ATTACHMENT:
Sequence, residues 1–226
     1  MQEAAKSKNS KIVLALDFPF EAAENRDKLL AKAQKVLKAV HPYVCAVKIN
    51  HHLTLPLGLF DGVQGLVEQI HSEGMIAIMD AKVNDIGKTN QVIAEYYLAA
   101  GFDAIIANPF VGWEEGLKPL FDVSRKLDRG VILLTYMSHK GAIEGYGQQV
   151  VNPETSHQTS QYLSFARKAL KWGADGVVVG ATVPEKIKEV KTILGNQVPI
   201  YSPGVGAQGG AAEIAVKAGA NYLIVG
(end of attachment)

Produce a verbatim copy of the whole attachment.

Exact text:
Sequence, residues 1–226
     1  MQEAAKSKNS KIVLALDFPF EAAENRDKLL AKAQKVLKAV HPYVCAVKIN
    51  HHLTLPLGLF DGVQGLVEQI HSEGMIAIMD AKVNDIGKTN QVIAEYYLAA
   101  GFDAIIANPF VGWEEGLKPL FDVSRKLDRG VILLTYMSHK GAIEGYGQQV
   151  VNPETSHQTS QYLSFARKAL KWGADGVVVG ATVPEKIKEV KTILGNQVPI
   201  YSPGVGAQGG AAEIAVKAGA NYLIVG